The Igorots inhabit northern Luzon in the Philippines, comprising a number of various tribes, some of which are noted as headhunters.
The Logan Museum collection of Igorot objects includes a variety of knives, as well as daily-use objects and jewelry.
The Moros comprise a number of tribes of Muslim Malays in the southern Philippines.
The Logan Museum has small collection of Moro objects, including weaponry and jewelry.
Samoa lies east of the Fiji Islands and northeast of New Zealand. It was first settled from Tonga about 3,000 years ago. Like Tonga, the chiefs trace their lineage back to the divine ancestors.
The Logan Museum collection of ethnographic materials from Samoa consists mostly of ceremonial weaponry, tools and jewelry.
The Tongan islands lie between New Zealand and Samoa east of Australia. Tongan social structure is centered around a supreme chief, called the tu'i tonga who traces his lineage to the Creation god.
The Logan Museum has a small collection of ethnographic material from Tonga, mostly war clubs.
The Austral Islands are in central Polynesia, south of Tahiti. The ceremonial paddles of the Austral Islands are particularly well known, as they were often made as tourist items.
The Logan Museum has a particularly fine ceremonial paddle from the Austral Islands.
The Aborigines are the native culture of Australia whose artistic expressions extend back some 20,000 years. Bark paintings are common, usually depicting origin myths from the era when the Aborigines belief the world and its inhabitants were created, the Dream Time.
The Logan Museum has a small number of artifacts from the Aborigines, mostly bark paintings and weapons.
New Guinea is the largest island in Melanesia, the eastern half of which is part of the present-day Papua New Guinea.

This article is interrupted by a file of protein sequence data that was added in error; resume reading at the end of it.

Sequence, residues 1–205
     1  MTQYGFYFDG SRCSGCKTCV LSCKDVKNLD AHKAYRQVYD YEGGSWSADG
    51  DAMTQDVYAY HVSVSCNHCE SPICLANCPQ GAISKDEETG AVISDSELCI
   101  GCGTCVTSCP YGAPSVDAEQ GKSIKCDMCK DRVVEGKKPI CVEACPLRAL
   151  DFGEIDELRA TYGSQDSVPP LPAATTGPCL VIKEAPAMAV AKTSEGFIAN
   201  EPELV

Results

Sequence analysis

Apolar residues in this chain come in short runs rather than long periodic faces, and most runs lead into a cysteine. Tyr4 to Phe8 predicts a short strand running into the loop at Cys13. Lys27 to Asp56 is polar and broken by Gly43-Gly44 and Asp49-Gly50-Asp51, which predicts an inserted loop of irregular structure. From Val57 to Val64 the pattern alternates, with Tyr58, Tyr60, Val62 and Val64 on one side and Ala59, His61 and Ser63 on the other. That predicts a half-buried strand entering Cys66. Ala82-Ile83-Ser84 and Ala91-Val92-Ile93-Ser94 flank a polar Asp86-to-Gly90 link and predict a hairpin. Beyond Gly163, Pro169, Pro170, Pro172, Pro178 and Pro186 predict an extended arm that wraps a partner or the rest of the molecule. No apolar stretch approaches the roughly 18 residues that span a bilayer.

The Logan Museum has benefited from donation of the large collection acquired by James D. Tobin during numerous visits between 1976 and 1990. The majority of the artifacts originate from the Sepik River valley, long considered one of the foremost areas of Oceania for the collection of "primitive" art.
New Caledonia is the southernmost of the major Melanesian Islands, lying between Australia and the Fiji Islands. The Kanak, as the people are called, have organized their society around the yam, which they consider to be the flesh of the ancestors. Their calendar is based on the various stages in the cultivation cycle of the yam.
The Logan Museum's collection of ethnographic materials from New Caledonia consists mostly of ceremonial weaponry.
The Massim Area, sometimes inaccurately referred to as Trobriand, refers to the group of islands located just off the eastern tip of New Guinea.
The Logan Museum has a number of objects from the Massim Area including shell jewelry and musical instruments.
New Ireland is is one of the easternmost islands of Papua New Guinea. The people are known for their elaborate funerary rituals called malanggan ceremonies, in which elaborate painted masks are worn. The tatanua is the most important of a person's three souls, and is represented by a mask as it is believed this soul resides in the head.
The Logan Museum possesses an exceptional tatanua mask, as well as several other ethnographic artifacts.